Story by Becca Edwards
Hilton Head’s 12 miles of beaches are known for being pristine, even earning national and international awards such as ranking number 13 on Conde Nast Traveler’s “The 25 Best Island Beaches in the World: 2020 Readers’ Choice Awards” list. And yet, when my oldest daughter needed a community service project for her school and opted for a beach cleanup, we were amazed at what we saw, especially at Coligny Beach. Here, in order from most to least, are the five most common trash items we found:
•Plastic straw wrappers from drink pouches
• Water bottle caps
• Styrofoam beads
• Clothing tags
In addition, we found fishing lines and hooks, diapers, discarded children’s beach toys, water bottles, beer cans and even the fake grass garnish in to-go sushi.
We also found a lot of friendly people walking their dogs, fishing for red fish, visiting our Island or just living their best local life. The point is, we have something great here in the Lowcountry, but need to be aware of some important facts so we do not lose what we have. This is where Mike Overton, owner of Outside Hilton Head, comes in.
Overton moved to Hilton Head Island in 1979, and what began as a windsurfing school 42 years ago has become an environmentally and recreationally conscious and impactful company of five divisions (specialty outdoor retail, leisure recreation and experience, team leadership, destination management and The Outside Foundation, a nonprofit organization), with roughly 130 employees and four retail stores (one in Shelter Cove and Savannah and two in Palmetto Bluff). He credits the success of his business and his passion for preserving and protecting our natural waterways and landforms to something Charles Fraser told him. “He said everything here revolves around the tide,” explained Overton. “If you want to connect with people culturally, environmentally, recreationally, et cetera, it’s all about the tides.” Overton then pointed out, “and it is also because of the tides that a lot of people do not see the waste left on our beaches.”
Compared to other beaches around the world, Overton admits we are relatively clean, “but we are far from perfect, and that comes from human behavior.”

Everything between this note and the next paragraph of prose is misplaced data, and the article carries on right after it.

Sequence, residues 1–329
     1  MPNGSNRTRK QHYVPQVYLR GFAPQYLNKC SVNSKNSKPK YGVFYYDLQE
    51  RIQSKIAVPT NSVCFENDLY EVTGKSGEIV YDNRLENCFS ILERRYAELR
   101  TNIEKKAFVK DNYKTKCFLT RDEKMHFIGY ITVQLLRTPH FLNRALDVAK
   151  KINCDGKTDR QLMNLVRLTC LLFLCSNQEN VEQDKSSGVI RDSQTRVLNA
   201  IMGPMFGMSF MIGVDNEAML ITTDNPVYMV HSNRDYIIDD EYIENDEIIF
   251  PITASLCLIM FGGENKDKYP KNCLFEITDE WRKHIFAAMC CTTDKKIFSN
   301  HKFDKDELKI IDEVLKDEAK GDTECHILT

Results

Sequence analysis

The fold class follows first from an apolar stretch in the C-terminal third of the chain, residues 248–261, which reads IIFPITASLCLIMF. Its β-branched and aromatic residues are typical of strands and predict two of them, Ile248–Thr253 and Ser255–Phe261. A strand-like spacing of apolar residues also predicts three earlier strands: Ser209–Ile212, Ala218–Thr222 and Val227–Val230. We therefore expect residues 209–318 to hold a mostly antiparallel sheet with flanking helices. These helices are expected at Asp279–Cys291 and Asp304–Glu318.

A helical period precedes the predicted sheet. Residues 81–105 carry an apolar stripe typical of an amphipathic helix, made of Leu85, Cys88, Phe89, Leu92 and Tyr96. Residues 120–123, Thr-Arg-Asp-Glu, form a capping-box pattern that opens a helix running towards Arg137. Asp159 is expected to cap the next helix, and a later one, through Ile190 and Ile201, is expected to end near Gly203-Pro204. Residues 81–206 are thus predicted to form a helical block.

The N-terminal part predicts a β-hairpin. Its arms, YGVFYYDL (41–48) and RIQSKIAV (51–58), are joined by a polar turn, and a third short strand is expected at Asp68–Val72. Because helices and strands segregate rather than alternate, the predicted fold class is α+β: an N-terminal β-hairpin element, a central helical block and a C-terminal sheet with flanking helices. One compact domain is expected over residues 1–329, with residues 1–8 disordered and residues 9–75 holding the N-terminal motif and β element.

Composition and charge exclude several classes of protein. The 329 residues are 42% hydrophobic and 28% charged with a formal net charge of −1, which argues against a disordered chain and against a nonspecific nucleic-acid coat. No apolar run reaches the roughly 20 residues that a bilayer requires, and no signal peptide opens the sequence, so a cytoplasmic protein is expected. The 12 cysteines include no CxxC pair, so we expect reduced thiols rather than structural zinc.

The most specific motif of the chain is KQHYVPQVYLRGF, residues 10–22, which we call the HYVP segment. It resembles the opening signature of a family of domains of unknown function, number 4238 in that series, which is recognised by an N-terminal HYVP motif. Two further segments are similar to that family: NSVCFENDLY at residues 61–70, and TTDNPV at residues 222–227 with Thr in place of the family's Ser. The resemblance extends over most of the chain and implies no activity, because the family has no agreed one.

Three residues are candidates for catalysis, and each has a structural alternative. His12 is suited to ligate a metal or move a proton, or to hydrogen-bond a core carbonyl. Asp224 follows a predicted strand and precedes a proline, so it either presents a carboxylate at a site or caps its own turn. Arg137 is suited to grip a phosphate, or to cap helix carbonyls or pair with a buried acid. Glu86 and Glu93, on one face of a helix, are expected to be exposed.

1. Use recyclable containers, such as a water bottle versus a plastic one.
2. Pack light when going to the beach. Do you really need all that gear? Remove food and drinks from all the packaging and consolidate them in your cooler or reusable bags.
3. Walk along the beach, especially with your children. “It’s surprising how many of the kids who go through our Outside Foundation program who have lived here all their lives have never been on the water or to the beach. By exposing kids to the outdoors, you raise awareness and education.”
4. Leave no trace and this includes leveling sandcastles and filling in holes you dug.
5. Take it one step further and leave with more than what you came with by picking up and disposing of any trash you see on the beach.
6. Encourage local elected officials to incentivize South Carolinians to recycle. “Unfortunately, in our world it seems the solution to cleaner beaches becomes monetary. South Carolina doesn’t have a bottle bill. If we had a five-cent redemption on bottles, you would see people walking up and down picking up bottles.”
7. Volunteer or donate to The Outside Foundation (for more information, visit outsidefoundation.org).
8. Get outside. “I don’t know of a better way to enrich one’s life than
Adopt a beach
The Lowcountry is home to some of the cleanest beaches on the East Coast. Find your favorite beach and help keep it that way.
Hilton Head Island
Adler Lane (just off of South Forest Beach Drive)
Burkes Beach (near Chaplin Community Park)
Coligny Beach Park
Driessen Beach Park
Fish Haul Beach Park
Folly Field Beach Park
Islanders Beach Park
Mitchelville Beach Park
May River Sandbar
Bloody Point Beach
Hunting Island State Park
Land’s End Beach